It's the sun, stupid

Thomas Lifson
Harvard astrophysicist Dr. Sally Bulinas is the latest distinguished scientist to declare anthropogenic global warming theory wrong. The Tyler (TX) Morning Telegraph reports:

Dr. Sallie Baliunas shared her findings Tuesday at the University of Texas at Tyler R. Don Cowan Fine and Performing Arts Center.

Dr. Baliunas' work with fellow Harvard-Smithsonian Center for Astrophysics astronomer Willie Soon suggests global warming is more directly related to solar variability than to increased levels of carbon dioxide in the atmosphere, an alternative view to what's been widely publicized in the mainstream media.

"Some people argue solar influence is large; some argue it is small. I'm somewhere in the middle," she said during a press conference Thursday afternoon.

Her research goes back to time periods when the amount of carbon emission was small enough that it wasn't a major player.

"If you go back far enough you eliminate some of your variables," she said. "I've always been interested with the changes of the sun and how they impact the earth. I decided to look at a narrower time scale this time."

Baliunas asserts that increases and decreases in solar output led to historically warmer and cooler periods.

Baliunas said concerns for world energy poverty should be more significant than worrying about something 100 years from now.


With all the institutional weight behind anthropogenic warmist fears, it takes courage for scientists to stand up and point out the increasingly obvious link between solar activity and climate.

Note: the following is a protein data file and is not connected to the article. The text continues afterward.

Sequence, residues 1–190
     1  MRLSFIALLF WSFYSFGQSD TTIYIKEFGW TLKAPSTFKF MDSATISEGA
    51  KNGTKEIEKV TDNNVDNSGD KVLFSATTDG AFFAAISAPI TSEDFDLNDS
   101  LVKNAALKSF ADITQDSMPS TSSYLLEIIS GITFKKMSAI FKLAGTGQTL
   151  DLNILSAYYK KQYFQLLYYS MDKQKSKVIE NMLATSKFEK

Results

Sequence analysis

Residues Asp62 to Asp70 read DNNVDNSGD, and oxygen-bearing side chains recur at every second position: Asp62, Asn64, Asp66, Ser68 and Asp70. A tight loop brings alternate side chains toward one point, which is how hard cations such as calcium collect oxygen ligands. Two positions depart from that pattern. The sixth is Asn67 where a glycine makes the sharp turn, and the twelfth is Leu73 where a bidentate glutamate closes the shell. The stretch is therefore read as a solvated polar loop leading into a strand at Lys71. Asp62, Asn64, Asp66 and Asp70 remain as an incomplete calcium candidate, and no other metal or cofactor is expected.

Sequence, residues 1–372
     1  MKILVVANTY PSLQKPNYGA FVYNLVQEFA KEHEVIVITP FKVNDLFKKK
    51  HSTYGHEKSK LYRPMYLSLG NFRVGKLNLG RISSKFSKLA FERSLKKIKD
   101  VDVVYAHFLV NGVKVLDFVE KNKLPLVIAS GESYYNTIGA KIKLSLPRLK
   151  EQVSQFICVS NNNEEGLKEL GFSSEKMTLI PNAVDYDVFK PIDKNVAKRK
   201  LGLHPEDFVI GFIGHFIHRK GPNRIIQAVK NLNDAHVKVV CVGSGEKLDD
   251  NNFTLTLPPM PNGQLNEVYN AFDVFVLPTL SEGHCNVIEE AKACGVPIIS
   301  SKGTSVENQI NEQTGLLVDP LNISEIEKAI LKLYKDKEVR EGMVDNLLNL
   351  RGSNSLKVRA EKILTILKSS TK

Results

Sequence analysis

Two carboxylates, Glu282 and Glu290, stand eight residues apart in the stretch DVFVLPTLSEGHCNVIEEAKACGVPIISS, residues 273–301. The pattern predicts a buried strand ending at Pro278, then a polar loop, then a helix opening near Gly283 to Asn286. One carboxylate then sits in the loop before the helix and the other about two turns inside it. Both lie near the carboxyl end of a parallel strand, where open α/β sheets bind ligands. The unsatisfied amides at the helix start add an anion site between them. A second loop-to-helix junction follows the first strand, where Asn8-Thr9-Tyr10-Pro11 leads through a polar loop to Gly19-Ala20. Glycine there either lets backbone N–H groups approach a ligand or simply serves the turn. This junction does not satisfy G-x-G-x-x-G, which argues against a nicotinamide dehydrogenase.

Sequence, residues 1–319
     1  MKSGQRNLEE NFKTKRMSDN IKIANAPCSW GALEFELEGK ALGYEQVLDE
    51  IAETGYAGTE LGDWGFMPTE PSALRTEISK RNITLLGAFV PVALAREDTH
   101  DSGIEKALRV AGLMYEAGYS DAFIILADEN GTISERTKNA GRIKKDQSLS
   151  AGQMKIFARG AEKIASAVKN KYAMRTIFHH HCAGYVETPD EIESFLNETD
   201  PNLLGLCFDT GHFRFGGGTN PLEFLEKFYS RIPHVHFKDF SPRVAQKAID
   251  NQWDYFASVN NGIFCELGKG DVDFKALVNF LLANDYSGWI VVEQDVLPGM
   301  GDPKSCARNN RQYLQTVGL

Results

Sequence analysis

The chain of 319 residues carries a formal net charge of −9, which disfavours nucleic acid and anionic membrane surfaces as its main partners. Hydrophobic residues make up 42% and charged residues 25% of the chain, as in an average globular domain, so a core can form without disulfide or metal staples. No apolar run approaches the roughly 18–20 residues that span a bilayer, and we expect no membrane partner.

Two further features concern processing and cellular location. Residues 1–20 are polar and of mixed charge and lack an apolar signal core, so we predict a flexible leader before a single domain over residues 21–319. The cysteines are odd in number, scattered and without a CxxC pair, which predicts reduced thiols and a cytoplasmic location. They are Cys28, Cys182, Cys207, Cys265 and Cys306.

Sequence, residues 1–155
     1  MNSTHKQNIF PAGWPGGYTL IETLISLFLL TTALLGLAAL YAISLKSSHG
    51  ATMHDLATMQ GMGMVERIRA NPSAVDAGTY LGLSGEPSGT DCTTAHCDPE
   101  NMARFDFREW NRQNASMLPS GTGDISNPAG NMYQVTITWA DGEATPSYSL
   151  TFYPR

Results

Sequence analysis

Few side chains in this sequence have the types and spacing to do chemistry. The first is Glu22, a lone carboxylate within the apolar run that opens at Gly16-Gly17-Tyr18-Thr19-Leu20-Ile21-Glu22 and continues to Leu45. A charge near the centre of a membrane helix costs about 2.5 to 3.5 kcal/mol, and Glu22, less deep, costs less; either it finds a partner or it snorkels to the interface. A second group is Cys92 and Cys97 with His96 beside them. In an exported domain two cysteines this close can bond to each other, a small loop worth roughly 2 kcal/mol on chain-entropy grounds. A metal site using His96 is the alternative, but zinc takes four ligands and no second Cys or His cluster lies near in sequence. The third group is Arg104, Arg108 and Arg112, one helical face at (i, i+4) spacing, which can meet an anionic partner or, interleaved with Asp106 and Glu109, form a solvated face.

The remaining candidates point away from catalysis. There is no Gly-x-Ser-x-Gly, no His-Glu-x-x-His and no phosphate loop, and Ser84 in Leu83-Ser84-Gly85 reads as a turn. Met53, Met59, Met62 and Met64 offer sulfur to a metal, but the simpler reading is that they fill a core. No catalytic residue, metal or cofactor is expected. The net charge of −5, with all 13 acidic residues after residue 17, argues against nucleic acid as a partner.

Harvard astrophysicist Dr. Sally Bulinas is the latest distinguished scientist to declare anthropogenic global warming theory wrong. The Tyler (TX) Morning Telegraph reports:

Dr. Sallie Baliunas shared her findings Tuesday at the University of Texas at Tyler R. Don Cowan Fine and Performing Arts Center.

Dr. Baliunas' work with fellow Harvard-Smithsonian Center for Astrophysics astronomer Willie Soon suggests global warming is more directly related to solar variability than to increased levels of carbon dioxide in the atmosphere, an alternative view to what's been widely publicized in the mainstream media.

"Some people argue solar influence is large; some argue it is small. I'm somewhere in the middle," she said during a press conference Thursday afternoon.

Her research goes back to time periods when the amount of carbon emission was small enough that it wasn't a major player.

"If you go back far enough you eliminate some of your variables," she said. "I've always been interested with the changes of the sun and how they impact the earth. I decided to look at a narrower time scale this time."

Baliunas asserts that increases and decreases in solar output led to historically warmer and cooler periods.

Baliunas said concerns for world energy poverty should be more significant than worrying about something 100 years from now.


With all the institutional weight behind anthropogenic warmist fears, it takes courage for scientists to stand up and point out the increasingly obvious link between solar activity and climate.